Thanks to the today’s media, web users are more aware and concern about their privacy on internet. Google Analytics is a client-side tool, which makes the portal user aware of it through the additional requested GATC’s URL on page loading or locally inserted Google Analytics cookies. It is known that user behavior might be affected under the knowledge of that they are being tracked, as well as they might complain about tracking their visits on web. Such concerns may lead the visitors to use browser add-ons like “AdBlock Plus” to block Google Analytics script ga.jsp. Additionally, Google also offers a browser add-on to block data collection from all websites using Google Analytics. In this case, you might be looking for an analytics solution which does the job at server-side with server log files instead of page tagging as Google Analytics does. However, you cannot get as rich analytics reports as you get from page tagging.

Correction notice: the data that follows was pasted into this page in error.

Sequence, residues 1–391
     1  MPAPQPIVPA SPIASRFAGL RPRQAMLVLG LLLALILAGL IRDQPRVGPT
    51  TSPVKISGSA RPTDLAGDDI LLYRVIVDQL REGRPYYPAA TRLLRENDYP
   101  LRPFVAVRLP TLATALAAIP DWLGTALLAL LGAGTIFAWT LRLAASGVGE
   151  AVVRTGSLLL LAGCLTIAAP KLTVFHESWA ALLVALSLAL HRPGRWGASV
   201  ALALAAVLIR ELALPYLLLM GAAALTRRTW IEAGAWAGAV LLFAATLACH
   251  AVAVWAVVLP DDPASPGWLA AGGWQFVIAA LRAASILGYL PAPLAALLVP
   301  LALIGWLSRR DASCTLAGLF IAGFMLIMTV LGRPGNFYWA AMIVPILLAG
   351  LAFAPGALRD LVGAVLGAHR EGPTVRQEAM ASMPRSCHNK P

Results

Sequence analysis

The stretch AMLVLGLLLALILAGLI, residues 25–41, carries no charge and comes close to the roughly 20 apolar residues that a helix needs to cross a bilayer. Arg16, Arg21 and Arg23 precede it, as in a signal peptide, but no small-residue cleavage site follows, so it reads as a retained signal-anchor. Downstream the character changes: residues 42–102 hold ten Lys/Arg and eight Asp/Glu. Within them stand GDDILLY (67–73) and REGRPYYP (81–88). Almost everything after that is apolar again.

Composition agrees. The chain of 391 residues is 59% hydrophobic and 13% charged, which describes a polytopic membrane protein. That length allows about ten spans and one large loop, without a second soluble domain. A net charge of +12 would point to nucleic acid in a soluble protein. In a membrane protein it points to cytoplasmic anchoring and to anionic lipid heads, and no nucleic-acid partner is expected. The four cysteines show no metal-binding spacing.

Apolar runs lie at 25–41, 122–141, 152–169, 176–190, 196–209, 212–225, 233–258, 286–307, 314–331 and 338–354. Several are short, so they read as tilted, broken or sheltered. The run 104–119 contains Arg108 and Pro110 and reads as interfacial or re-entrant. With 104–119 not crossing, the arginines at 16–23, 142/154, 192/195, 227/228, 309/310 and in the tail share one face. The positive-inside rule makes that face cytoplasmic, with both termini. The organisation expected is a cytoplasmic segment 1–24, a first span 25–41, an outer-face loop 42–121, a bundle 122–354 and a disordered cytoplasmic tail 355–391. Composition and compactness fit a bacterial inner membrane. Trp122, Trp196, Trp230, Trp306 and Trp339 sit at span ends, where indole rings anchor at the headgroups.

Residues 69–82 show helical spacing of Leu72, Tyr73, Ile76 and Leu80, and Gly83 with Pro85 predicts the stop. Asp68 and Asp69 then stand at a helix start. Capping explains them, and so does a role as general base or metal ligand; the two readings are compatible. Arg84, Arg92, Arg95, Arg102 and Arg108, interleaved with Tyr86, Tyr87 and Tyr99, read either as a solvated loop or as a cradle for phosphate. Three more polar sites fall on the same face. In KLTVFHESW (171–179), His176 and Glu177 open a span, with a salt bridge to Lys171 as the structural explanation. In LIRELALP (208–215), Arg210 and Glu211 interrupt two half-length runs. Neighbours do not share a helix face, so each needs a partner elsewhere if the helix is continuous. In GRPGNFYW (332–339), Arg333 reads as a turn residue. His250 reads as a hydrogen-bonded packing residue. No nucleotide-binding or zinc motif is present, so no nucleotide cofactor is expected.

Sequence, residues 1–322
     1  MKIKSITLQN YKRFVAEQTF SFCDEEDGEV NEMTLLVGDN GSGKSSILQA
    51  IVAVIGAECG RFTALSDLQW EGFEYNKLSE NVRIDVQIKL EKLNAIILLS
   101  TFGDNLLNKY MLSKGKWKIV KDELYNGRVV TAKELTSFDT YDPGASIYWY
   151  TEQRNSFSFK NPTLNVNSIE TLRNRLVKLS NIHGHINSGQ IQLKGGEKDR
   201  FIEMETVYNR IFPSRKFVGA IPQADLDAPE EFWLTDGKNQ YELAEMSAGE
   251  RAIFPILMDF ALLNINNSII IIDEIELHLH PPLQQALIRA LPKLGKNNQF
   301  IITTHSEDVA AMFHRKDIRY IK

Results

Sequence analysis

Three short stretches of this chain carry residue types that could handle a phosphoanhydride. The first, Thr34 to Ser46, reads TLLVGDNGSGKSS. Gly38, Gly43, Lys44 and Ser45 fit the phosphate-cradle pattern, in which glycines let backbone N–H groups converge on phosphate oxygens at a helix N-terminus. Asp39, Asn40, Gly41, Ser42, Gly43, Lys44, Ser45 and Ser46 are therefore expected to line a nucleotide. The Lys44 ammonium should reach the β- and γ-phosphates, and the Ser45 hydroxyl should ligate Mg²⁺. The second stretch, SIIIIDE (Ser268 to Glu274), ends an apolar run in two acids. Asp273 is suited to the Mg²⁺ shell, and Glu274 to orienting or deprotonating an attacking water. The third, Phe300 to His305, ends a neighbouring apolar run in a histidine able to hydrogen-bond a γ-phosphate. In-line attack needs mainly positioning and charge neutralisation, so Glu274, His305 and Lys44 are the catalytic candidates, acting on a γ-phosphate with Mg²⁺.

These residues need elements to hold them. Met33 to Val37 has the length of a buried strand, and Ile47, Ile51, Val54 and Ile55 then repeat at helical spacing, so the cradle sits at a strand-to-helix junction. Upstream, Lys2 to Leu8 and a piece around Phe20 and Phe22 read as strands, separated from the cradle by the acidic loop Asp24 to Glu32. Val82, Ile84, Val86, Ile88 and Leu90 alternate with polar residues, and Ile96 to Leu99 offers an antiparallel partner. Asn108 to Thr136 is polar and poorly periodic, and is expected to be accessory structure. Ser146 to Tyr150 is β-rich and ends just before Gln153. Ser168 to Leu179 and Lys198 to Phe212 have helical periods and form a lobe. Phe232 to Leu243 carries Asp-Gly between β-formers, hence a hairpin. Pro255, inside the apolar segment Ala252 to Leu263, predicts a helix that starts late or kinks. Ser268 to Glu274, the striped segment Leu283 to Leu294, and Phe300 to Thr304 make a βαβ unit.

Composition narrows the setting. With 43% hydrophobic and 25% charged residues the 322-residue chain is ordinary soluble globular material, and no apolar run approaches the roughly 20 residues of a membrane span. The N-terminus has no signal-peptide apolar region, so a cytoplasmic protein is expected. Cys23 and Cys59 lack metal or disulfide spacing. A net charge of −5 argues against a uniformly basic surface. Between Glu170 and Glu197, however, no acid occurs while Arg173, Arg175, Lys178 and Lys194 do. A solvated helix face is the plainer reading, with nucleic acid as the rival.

9. Free, but … Implementation Costs
Google Analytics is a free tool; however a correct implementation and analyzing reports in case of erroneous data collection need keeping additional staff in your company for analytics. Simply adding Google’s tag on your portal won’t result readable reports unless you provide the necessary values e.g. correct navigation path names of your portal to Google. [See image to right] Therefore, using Google Analytics might seem a cheap solution at first, but it might be laborious task if you don’t have a simple web site or a portal.
10. Page “Hits” Variation